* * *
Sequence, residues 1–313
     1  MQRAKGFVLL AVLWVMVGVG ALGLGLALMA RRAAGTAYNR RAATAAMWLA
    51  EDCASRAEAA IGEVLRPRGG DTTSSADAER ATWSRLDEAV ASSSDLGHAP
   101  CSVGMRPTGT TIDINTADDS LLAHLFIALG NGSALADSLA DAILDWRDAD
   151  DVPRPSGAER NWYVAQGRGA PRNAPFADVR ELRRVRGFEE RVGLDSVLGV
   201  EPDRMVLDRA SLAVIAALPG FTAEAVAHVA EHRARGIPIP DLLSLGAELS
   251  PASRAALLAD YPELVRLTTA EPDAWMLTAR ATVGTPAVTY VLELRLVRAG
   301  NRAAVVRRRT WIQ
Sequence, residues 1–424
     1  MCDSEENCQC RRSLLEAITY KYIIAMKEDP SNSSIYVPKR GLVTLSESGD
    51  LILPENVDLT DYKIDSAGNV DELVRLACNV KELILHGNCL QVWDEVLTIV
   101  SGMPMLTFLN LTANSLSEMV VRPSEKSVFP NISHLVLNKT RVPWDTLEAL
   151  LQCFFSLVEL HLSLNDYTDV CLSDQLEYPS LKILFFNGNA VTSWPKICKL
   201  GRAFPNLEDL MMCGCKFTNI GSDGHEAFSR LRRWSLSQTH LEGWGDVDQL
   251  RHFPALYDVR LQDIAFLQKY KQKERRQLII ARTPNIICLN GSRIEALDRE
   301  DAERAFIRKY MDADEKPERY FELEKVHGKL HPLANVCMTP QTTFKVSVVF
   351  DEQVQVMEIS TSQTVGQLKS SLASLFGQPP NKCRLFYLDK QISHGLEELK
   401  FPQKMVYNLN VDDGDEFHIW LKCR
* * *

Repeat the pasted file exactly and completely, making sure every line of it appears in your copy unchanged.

Sequence, residues 1–313
     1  MQRAKGFVLL AVLWVMVGVG ALGLGLALMA RRAAGTAYNR RAATAAMWLA
    51  EDCASRAEAA IGEVLRPRGG DTTSSADAER ATWSRLDEAV ASSSDLGHAP
   101  CSVGMRPTGT TIDINTADDS LLAHLFIALG NGSALADSLA DAILDWRDAD
   151  DVPRPSGAER NWYVAQGRGA PRNAPFADVR ELRRVRGFEE RVGLDSVLGV
   201  EPDRMVLDRA SLAVIAALPG FTAEAVAHVA EHRARGIPIP DLLSLGAELS
   251  PASRAALLAD YPELVRLTTA EPDAWMLTAR ATVGTPAVTY VLELRLVRAG
   301  NRAAVVRRRT WIQ
Sequence, residues 1–424
     1  MCDSEENCQC RRSLLEAITY KYIIAMKEDP SNSSIYVPKR GLVTLSESGD
    51  LILPENVDLT DYKIDSAGNV DELVRLACNV KELILHGNCL QVWDEVLTIV
   101  SGMPMLTFLN LTANSLSEMV VRPSEKSVFP NISHLVLNKT RVPWDTLEAL
   151  LQCFFSLVEL HLSLNDYTDV CLSDQLEYPS LKILFFNGNA VTSWPKICKL
   201  GRAFPNLEDL MMCGCKFTNI GSDGHEAFSR LRRWSLSQTH LEGWGDVDQL
   251  RHFPALYDVR LQDIAFLQKY KQKERRQLII ARTPNIICLN GSRIEALDRE
   301  DAERAFIRKY MDADEKPERY FELEKVHGKL HPLANVCMTP QTTFKVSVVF
   351  DEQVQVMEIS TSQTVGQLKS SLASLFGQPP NKCRLFYLDK QISHGLEELK
   401  FPQKMVYNLN VDDGDEFHIW LKCR